Innovating the awe and magic of artistic expression is becoming a leading practice by top technology platforms and companies. Companies such as Google, Adobe and Apple are exploring emerging tech via creative collaborations and sponsorships. Apple is taking serious strides to make the immersive arts more accessible and recently launched its (fantastic) [AR]T initiative. The project aims to push the creative potential of augmented reality via exhibiting immersive art in public spaces and creating accessible tools that allow novice creators to make and share virtual art pieces and experiences. Even more established scientific research hubs are pushing in-house tech innovation by bringing art to their labs. The Nokia Bell Labs kicked off specialised programmes and residencies to leverage the fuse between art and tech. Its E.A.T. (Experiments in Art and Technology) programme was put in place to explore and develop new ways for humans to emotionally connect. This initiative houses a variety of artists with a focus on new media artists, as well as composers and musicians that capitalise on technology within their artistic practice. With notable collaborations that include interdisciplinary artists such as Lisa Park that explored the importance of the human physical touch as innate to the human condition, or beatboxer and visual artist Harry Yeff (aka Reeps One), on an investigative journey of human communication through in- sights into the voice from a scientific, cultural, technological and artistic perspective.


The Tempest, 2017, Royal Shakespeare Company. Barbican Theatre Photo: Topher McGrillis
Going all the way back to 1875, one might expect that the Royal Shakespeare Company would lean into the traditional performance art form. However, the RSC is not only providing contemporary interpretations of Shakespeare's classics to its one million+ annual visitors, but is also utilising cutting-edge technologies to elevate the theatrical experience. ‘What I think is wonderful about theatre,’ says Sarah Ellis, the RSC's director of digital development, ‘is that it used tools and technology over centuries to architect and tell stories. Theatre designers and production have always innovated and integrated technology, from candlelight to electricity and stage design. Theatre always applied a very strong sense of 'why' – why you're using these technologies to tell the story.’ A great example of the RSC's utilising technology to produce theatrical awe was the 2016 Gregory Doran production of The Tempest, created in collaboration with Intel and in association with The Imaginarium Studios.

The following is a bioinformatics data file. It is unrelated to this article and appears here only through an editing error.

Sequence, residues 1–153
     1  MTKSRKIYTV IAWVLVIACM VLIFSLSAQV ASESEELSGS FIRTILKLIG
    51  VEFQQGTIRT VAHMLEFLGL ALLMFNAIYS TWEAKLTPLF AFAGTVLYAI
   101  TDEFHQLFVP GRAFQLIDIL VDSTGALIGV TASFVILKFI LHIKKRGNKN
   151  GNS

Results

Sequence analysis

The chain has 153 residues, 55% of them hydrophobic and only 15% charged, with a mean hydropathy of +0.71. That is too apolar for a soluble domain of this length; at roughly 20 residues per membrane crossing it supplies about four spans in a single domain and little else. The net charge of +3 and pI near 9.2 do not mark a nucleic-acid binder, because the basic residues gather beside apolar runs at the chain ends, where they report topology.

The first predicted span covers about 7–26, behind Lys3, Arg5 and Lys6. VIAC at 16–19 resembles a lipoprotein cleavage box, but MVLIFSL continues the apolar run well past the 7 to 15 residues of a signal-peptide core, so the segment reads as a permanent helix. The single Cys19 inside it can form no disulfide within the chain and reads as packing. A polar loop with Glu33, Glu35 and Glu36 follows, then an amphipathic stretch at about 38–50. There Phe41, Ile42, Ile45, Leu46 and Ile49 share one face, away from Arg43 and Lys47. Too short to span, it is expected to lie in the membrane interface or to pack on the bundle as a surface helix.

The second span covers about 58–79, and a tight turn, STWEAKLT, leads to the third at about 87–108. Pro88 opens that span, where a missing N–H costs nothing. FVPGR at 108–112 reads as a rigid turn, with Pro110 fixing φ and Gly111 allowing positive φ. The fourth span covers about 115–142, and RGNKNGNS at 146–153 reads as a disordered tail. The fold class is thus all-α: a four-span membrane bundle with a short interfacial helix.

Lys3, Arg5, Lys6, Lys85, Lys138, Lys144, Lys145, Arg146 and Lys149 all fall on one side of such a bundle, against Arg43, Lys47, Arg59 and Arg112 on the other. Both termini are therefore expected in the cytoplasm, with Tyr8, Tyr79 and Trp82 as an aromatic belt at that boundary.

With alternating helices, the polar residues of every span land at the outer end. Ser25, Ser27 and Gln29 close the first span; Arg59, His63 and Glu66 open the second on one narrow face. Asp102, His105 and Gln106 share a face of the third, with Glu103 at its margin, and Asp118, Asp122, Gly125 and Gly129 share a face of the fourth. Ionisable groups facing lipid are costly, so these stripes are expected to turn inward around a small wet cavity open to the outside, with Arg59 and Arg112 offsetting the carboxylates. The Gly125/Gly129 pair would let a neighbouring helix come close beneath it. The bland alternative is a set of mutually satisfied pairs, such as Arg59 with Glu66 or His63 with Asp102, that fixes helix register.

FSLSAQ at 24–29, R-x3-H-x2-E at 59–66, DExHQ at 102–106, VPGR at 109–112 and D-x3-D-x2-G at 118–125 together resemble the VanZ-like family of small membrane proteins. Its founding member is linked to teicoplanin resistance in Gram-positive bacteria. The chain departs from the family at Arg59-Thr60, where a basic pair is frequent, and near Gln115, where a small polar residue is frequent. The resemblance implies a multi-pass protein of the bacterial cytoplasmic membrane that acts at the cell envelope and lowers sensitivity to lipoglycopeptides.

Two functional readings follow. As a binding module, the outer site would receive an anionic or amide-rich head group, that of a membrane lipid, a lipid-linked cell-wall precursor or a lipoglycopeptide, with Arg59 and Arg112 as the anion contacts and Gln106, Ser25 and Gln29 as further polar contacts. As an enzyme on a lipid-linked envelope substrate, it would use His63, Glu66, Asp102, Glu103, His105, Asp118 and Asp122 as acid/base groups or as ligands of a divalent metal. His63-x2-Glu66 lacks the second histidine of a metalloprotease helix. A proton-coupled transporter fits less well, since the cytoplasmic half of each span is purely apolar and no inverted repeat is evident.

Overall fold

This breakthrough production pushed the boundaries of theatre, combining live performance and facial motion capture on stage for the very first time – creating and morphing digital characters and performers in real time. The experience reached people in 124 countries around the world as well as 136,000 audience members in Stratford-upon-Avon and at the Barbican in London. ‘The misconceptions that live performance is not interactive is wrong,’ adds Ellis, ‘there's a level of inter- activity just by being present. However, what we fundamentally go back to is that art form is ephemeral. It is a transcending art form, and once you were immersed in it, it disappears, that unique moment absorbs in you. It's been working in virtual reality for centuries. There's something wonderful about its immediacy and the fact it changed every night, it's perfect.’